Keychain is a built-in app on OS X that stores all of the user credentials, and allows for one to keep encrypted notes in an easily accessible way.

Does anyone know how secure Keychain is? I know there was a vulnerability in 2008 with clear text being stored in memory, but it was patched. How resistant can it be to cold-boot attacks?

Here are some relevant SE links:

I think this is important since apps written for OS X are starting to store all passwords in the user's Keychain: safari, chrome, subversion, Mail, etc.

3 Answers 3


The cold boot attack can be limited by setting an EFI password, so that the attacker can't get to the memory during the limited time window following a reset. Notice that if the firmware password is set, the FireWire device driver disallows DMA requests which is another very similar (and IMO more likely) attack.

The key place where the password should be considered "at risk" from any direct memory access attack including cold boot is not in securityd, which does a pretty good job (all of the relevant code is open source so check for yourself), it's in the client application. It's the client application that wants the password, and the vendor may not have been careful about zeroing the memory out (particularly if the password is put into an autoreleased or garbage-collected NSString instance).

(I wrote a whole chapter on Keychain security in Professional Cocoa Application Security)

  • +1, thanks. The application is only risking the password(s) to which it has access in that case? So, secure notes and other passwords aren't being compromised by a poorly secured app (other than if you don't use different passwords for each app)? Nov 23, 2010 at 16:11
  • @rox0r: correct. The application only gets the decrypted version of the keychain items it asks for, nothing else gets decrypted. However depending on the user's keychain settings, this might open a window during which the keychain is unlocked. Even that is mitigated, because the keychain uses per-application per-item access control so a Trojan wouldn't have default access to any keychain items.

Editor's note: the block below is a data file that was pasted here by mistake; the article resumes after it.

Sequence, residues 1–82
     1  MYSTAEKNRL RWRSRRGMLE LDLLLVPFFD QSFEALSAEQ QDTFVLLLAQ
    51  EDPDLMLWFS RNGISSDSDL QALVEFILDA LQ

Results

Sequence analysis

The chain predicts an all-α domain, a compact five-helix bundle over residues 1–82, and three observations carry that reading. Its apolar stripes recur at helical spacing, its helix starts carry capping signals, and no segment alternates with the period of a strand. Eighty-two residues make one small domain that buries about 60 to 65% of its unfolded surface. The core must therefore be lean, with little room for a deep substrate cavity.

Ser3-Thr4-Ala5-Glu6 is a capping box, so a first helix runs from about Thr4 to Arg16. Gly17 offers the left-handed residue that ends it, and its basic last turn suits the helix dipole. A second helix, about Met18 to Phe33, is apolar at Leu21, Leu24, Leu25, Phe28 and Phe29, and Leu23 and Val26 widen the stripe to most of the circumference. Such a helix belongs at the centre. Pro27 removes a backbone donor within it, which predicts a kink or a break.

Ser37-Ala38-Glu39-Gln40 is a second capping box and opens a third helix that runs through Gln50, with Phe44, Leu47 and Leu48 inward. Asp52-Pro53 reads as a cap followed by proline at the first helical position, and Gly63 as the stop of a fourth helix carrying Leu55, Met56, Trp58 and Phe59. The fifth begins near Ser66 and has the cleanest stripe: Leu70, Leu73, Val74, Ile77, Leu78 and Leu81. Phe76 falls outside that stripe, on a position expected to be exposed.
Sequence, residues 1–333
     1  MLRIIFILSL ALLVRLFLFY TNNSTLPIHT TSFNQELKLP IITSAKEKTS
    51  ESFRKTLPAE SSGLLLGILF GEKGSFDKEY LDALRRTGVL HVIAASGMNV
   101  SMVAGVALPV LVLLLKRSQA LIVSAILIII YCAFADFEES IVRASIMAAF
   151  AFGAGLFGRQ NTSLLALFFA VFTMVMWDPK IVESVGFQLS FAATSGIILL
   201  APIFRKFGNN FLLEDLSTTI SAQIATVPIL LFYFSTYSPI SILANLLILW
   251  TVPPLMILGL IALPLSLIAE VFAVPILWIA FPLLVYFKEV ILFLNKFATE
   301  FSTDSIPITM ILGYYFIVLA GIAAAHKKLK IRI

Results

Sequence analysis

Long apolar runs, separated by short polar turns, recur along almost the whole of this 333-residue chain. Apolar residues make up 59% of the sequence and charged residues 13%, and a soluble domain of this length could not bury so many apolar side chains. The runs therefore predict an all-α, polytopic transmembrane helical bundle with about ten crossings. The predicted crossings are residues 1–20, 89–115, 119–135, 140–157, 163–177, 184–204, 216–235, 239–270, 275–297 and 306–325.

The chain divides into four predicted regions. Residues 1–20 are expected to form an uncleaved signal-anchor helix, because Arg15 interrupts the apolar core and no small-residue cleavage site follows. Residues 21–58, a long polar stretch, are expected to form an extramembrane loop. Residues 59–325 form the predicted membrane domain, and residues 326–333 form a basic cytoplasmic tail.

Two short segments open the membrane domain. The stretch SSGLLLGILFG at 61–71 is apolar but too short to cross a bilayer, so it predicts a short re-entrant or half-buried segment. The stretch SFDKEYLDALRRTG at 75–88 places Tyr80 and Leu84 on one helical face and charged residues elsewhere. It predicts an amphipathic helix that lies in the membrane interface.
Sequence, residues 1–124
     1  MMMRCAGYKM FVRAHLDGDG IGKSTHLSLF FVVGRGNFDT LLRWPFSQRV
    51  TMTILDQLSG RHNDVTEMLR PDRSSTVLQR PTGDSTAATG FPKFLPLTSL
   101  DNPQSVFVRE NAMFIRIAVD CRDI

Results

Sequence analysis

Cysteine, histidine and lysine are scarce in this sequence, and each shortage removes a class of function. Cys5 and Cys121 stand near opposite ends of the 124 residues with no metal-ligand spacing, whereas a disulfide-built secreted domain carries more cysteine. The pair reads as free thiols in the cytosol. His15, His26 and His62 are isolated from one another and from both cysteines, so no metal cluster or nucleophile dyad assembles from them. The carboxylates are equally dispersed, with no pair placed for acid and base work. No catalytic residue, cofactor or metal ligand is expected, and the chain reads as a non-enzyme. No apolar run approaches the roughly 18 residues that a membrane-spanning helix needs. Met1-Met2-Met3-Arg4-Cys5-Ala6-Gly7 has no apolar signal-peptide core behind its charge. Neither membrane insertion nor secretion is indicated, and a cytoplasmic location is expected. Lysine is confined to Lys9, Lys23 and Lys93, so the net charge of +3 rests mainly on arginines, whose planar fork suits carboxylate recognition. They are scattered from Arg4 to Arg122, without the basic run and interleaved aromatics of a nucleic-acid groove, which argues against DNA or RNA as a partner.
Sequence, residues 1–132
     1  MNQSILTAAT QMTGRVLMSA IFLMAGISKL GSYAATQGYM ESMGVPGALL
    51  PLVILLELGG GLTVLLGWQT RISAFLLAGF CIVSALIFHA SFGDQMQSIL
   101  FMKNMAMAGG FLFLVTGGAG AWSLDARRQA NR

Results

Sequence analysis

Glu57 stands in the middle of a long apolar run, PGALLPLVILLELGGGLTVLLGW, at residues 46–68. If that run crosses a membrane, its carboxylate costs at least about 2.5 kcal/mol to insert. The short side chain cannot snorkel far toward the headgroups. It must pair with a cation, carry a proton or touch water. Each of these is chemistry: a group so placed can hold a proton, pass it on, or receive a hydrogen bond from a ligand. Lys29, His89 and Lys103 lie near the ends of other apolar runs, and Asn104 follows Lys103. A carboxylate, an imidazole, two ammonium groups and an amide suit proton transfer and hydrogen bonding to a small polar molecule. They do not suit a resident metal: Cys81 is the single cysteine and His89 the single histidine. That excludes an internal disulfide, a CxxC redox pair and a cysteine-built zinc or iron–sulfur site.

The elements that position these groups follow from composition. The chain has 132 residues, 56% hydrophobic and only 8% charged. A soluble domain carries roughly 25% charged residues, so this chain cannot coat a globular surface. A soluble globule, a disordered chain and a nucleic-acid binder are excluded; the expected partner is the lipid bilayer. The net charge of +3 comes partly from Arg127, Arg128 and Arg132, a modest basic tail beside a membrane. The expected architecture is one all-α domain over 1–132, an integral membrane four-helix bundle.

– user185
    Nov 23, 2010 at 16:23

I guess this answers my question: Keychaindump

The root user can use this to pull decrypted entries from RAM.


The Keychain format is included in Apple's open source code, as part of darwin.

The encryption within the Keychain format uses PBKDF2-SHA1 3DES, and is supported by hashcat. Given access to a Keychain file, it is possible to recover the password by brute force or with a dictionary attack.

The System.keychain is an exception. This computer wide keychain uses a persistent but initially randomly generated 192 bit (24 byte) key stored at /var/db/SystemKey.

Only the secrets within the Keychain file are encrypted. The accounts, usernames, and other metadata are unencrypted.

You must log in to answer this question.

Not the answer you're looking for? Browse other questions tagged .